Posts Tagged ‘father’


Posted: December 18, 2019 in Poetry
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David Leroy Allen WWIIBASTOGNE
By David Allen

Seventy-five years ago
The Germans made their last
offensive move during World War II,
attacking American lines
near the city of Bastogne.
It marked the turning point
of my father’s young life.

My dad and a few other soldiers
found shelter in the basement
of a mansion outside the city
waiting for the German shelling to stop.
But one shell zeroed in on them.
The building collapsed,
killing all except my dad
who was sitting beneath an arch.

When he was dug out
his saviors didn’t know
what to do with him.
As a scout, he wore no
identification which could
give the enemy information
on troop movements.
Also, during the battle many Germans
wore American uniforms in order
to sneak through American lines.

My father, badly wounded,
was taken to a hospital and placed
in a German POW ward.
A sign around his neck said
“This man is not responsible
For his actions.”

Later identified, transferred, and discharged
that sign defined the rest of his life.
Suffering physically and from PTSD,
booze and pills helped
him deal with a broken family
of seven kids and too many lost jobs
and moves for the next 48 years.

Finally, his bedroom became his tomb
for several years before he died.
Sometimes it takes decades to die.

David Leroy Allen WWII

David L. Allen, 1942
A Memorial Day Poem


Jeannie called and said
“David, Dad’s dead.
He fell and bumped his head.”
And inside I bled
for a man long dead
in memories
of a family
that used to be.

Jeanie was calm.
She said our Mom
was all right,
though “she just sat and stared.”
And I cried then,
but I don’t know why when
you had died ten,
twenty years ago.

You had fled
to your dark bed-tomb
and you left that crypt,
that stenched of rotting dreams
and surrender,
only for soft drinks
and to pee.

So, I called Ricky, the youngest,
and he said no tears tracked his cheeks.
“I’d been telling everyone
my Dad died years ago,” he said.

Ricky said:
“I once asked Dad what he was going to do today.
He said: Nothin’.
I said what about tomorrow?
And he said: Nothin’.
And I asked him how could he give up
after surviving World War II and alcohol?
And he said: Leave me alone.
And I told him he had to leave his room or die
And he said: Ricky, I only leave the room to pee.
And I repeated, if you don’t leave the room you’ll die.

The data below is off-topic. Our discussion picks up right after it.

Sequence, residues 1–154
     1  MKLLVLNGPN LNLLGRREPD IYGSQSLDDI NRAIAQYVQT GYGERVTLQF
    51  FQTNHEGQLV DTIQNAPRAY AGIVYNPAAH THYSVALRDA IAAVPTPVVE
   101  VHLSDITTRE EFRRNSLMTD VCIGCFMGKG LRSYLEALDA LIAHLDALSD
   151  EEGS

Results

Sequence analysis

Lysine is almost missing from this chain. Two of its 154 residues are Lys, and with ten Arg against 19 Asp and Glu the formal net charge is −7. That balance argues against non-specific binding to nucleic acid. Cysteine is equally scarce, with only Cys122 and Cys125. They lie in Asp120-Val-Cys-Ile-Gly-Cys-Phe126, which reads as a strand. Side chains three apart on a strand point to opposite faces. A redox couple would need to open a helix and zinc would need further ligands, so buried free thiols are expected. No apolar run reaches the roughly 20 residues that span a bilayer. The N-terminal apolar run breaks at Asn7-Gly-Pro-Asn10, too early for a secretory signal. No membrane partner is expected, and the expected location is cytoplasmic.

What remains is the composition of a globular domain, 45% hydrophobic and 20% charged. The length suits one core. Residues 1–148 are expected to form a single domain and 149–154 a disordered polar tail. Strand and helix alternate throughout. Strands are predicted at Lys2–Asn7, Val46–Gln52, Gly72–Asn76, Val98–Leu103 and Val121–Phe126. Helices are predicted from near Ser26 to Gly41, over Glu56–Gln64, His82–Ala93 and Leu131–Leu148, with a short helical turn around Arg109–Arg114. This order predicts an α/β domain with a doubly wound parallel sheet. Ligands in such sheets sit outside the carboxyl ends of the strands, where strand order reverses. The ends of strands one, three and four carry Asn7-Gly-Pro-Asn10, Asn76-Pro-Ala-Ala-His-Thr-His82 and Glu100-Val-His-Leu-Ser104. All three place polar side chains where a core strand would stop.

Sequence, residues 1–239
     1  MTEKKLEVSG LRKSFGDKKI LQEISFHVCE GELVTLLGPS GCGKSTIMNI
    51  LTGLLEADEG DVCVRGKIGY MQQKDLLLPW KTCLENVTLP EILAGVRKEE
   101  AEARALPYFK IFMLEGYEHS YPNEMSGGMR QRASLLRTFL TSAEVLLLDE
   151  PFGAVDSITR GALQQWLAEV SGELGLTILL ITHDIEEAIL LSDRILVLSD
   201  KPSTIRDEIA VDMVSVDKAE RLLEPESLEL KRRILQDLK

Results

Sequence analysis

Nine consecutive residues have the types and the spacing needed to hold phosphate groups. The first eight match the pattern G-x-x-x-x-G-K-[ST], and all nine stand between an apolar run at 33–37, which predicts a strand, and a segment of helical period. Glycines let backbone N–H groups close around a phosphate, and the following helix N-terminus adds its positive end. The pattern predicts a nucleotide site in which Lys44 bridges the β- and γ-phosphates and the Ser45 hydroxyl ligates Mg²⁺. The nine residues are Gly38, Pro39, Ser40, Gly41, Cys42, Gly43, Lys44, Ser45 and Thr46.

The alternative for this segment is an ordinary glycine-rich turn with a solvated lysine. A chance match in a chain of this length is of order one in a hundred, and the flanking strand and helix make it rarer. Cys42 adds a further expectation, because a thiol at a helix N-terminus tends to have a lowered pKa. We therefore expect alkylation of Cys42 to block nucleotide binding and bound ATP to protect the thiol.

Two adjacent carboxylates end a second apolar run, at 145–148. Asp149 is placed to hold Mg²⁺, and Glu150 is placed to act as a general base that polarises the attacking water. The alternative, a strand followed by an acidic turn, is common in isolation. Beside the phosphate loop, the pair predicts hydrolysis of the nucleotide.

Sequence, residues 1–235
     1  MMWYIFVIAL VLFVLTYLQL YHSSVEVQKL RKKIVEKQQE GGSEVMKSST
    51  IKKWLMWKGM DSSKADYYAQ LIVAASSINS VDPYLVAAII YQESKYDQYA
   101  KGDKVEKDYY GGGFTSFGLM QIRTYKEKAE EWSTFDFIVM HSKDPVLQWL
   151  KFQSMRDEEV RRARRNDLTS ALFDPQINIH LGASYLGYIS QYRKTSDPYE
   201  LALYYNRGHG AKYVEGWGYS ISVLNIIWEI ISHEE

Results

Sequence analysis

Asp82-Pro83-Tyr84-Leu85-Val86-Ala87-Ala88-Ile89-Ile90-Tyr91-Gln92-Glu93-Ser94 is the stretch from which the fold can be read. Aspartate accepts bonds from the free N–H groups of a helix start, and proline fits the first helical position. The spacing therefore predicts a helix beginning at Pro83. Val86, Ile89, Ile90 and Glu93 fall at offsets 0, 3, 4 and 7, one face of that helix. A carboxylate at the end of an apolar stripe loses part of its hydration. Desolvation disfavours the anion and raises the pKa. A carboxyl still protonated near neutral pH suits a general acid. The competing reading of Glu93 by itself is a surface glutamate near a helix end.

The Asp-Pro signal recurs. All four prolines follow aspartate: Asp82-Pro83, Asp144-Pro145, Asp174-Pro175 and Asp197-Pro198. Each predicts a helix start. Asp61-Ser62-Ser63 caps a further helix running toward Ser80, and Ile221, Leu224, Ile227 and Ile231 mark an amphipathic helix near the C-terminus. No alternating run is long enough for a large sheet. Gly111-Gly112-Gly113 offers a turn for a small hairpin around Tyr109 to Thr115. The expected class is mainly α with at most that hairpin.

And he said: Nobody can tell me what to do.”

Nobody could.

Mom wrote last week,
said you were doing less
and less for yourself;
that Kathy had come by to shave you;
that you and Mom were to celebrate
your 50th wedding anniversary.
She said she didn’t know how you two
had stayed together so long.

You didn’t.

‘Til death did you part.
But which death?
This final, no-breath death of today?
Or the thousand times you died since the war?

We, your children, are the products
of the half-man, half-soldier, Mom welcomed home.
The best part was left in the rubble
of a bombed-shattered wine cellar near Bastogne.
You were the sole survivor of your squad,
a heavy burden to bring back home,
a burden laid on your children.

The tag you wore around your neck
when you awoke in some hospital,
safe behind the lines said:
“This man is not responsible
for his actions.”

You never were.

You never recovered.
Booze, your best buddy,
carried you through your days —
from job to job,
child to child,
town to town.

At least we older children have memories
of a man, crippled perhaps, yet still struggling
still searching to retain some semblance of living;
pictures of a smiling man in a fireman’s dress blues
posturing before a neat Levittown bungalow.
Flash forward:
a man in shabbier clothes,
tilted cowboy hat, sad smile,
playing a mandolin in a boozy haze —
yet picking those strings,
making her sing.

But never loud nor long enough to heal the wounds.

In poverty, Mom raised us
as you struggled with your demons;
your days haunted by ghosts of what were
and could have been.
I left home first,
tasted the salt sea air of freedom
and returned to find another man
wearing my father’s clothes.

You were booze free, but hooked on pills
that still could not ease your pain.

Twenty more years passed
and you became another kind of Dad
for the younger ones.
No more booze,
no more belts across bare buttocks.
You went to AA and, for awhile, held court
at the dinner table,
telling bad jokes and drinking soda.

But your nerves were shot,
you couldn’t work,
only the pill-induced sleep stopped the demons.
So you retreated from the world,
no more morning walks for the paper,
no more evening talks at the table.

The bed tomb beckoned.

The tube flickered in the dark,
images of the world you turned your back on.

These last years
we visted Mom and brought reluctant children
into your cave to say
Hi and bye to their Pop
(I never called you that).
They cringed to see the unwashed man
with inch-long toenails,
shaggy hair,
swollen Buddah belly
glazed eyes.

My kids don’t remember much, Dad.
But I’ll try to recreate the memories.
I’ll tell them about the war hero;
the tank killer;
the high school football star;
the cartoonist;
the musician;
the man;
The slender Yankee with the toothy grin
and easygoin’ manner that
swept our Southern Mom off her feet
and into the Allens.

I’ll remember for them
the Demon-less Dad
I tell myself
was hiding there
all along.

By David Allen